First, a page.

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How Much Money Does a Hotel General Manager Get Paid?

by Laura Woods, studioD

A hotel general manager is the backbone of the operation. This professional is responsible for supervising all property management tasks, ensuring that the hotel meets financial goals, guest satisfaction and managing staff. The general manager is tasked with guaranteeing that the overall quality of the hotel meets standards set by the chain corporation or independent owners behind it. The average annual salary of hotel general managers varies greatly according to a number of factors.

Annual Salary

As of May 2010, the average annual salary of lodging managers, including hotel general managers, was $46,880, according to the U.S. Department of Labor's Bureau of Labor Statistics. The lowest 10 percent of professionals earned less than $29,460 per year and the highest 10 percent earned over $87,920.

Regional Comparisons

The states with the most hotel general manager jobs were California, Texas, Florida, North Carolina and Ohio as of May 2010. The BLS cites the top five paying states for the position as Delaware at $89,280 per year, Nevada at $86,250, Alaska at $85,860, Maryland at $81,270, and New York at $80,800.

Contributing Factors

The salary of a hotel general manager varies according to a number of factors including property size, years of work experience, amenities offered and location. The star level of the hotel also plays a big part in determining salary, as the general manager of a luxury five-star hotel would earn a higher salary than a professional working at a basic two-star inn. Professionals with a college degree in hotel or hospitality management may have an advantage, especially when competing for positions at luxury properties.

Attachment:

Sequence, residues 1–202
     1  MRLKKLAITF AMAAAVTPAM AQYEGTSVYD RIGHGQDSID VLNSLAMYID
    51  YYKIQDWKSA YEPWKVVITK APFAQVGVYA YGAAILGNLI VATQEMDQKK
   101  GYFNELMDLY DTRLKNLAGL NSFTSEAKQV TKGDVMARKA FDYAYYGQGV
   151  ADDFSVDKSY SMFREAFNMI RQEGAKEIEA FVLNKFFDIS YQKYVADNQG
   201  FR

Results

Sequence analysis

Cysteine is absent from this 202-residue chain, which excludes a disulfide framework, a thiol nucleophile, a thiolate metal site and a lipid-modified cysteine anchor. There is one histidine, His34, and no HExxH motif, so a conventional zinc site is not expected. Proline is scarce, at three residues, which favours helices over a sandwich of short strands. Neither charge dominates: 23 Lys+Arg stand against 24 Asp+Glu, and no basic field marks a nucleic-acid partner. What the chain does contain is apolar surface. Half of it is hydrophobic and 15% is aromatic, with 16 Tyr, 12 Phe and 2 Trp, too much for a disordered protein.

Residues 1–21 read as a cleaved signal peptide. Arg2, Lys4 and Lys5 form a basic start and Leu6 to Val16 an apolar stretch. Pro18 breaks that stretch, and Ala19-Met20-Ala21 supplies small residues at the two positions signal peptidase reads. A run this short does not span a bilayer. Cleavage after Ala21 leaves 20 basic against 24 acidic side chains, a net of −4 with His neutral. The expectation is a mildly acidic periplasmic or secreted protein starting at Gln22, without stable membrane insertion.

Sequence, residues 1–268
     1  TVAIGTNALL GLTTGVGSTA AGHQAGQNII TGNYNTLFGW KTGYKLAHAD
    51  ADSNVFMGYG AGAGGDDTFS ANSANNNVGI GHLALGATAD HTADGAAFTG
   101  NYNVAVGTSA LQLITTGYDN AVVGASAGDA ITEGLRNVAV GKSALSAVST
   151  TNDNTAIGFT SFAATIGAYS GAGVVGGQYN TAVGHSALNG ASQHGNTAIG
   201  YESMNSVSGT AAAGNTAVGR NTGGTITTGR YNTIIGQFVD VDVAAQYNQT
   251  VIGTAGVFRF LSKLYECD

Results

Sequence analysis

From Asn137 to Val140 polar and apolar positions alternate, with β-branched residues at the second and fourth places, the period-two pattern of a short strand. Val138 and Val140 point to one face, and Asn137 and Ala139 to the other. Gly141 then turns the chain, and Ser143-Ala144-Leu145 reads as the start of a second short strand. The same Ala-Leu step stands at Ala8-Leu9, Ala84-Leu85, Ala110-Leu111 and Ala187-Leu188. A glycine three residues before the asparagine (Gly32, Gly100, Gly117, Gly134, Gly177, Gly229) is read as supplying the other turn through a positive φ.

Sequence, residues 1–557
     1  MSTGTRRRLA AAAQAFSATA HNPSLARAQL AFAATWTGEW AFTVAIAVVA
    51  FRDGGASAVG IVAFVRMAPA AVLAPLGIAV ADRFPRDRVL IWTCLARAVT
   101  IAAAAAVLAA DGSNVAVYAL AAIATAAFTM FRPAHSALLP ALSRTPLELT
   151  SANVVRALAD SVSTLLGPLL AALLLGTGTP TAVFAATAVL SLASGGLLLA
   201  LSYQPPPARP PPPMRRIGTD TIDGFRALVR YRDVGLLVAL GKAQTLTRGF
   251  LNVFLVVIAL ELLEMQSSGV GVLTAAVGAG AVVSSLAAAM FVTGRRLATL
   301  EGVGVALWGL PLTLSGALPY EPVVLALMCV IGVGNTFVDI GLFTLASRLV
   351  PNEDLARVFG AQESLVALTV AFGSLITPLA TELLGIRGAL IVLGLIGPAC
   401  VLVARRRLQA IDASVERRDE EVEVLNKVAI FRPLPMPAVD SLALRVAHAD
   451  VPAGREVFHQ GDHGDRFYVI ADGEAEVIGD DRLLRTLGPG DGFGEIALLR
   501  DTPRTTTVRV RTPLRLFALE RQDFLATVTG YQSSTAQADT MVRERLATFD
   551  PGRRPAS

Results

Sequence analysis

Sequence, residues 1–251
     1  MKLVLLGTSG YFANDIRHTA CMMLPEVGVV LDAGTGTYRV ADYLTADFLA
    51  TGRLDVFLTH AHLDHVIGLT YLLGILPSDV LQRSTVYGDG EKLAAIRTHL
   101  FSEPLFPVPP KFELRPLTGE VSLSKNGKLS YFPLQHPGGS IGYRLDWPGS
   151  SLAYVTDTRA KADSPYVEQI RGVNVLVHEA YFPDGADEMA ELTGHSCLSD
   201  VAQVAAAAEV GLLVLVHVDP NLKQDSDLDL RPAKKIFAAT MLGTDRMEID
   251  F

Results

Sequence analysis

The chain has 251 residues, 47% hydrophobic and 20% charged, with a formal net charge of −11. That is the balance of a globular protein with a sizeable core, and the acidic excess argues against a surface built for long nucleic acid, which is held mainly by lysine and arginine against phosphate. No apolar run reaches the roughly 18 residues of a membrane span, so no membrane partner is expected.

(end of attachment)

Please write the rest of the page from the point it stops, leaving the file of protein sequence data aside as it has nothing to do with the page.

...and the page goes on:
Job Outlook

Job growth is expected to increase at 8 percent for hotel general managers from 2010 to 2020, which is slower than for the average occupation, according to the BLS. This is due to the lodging industry switching to building fewer full-service properties with different segments, requiring several managers at one property. Larger chain hotels are also shifting toward having one general manager oversee operations at several properties in a region, instead of just one. Competition for jobs at luxury hotels offering a wide variety of guest services is expected to be most in demand, but it should be easier for professionals to find work at smaller hotels.

About the Author

Laura Woods is a Los Angeles-based writer with more than six years of marketing experience. She has a Bachelor of Arts in communications from the University of Pittsburgh and an MBA from Robert Morris University.

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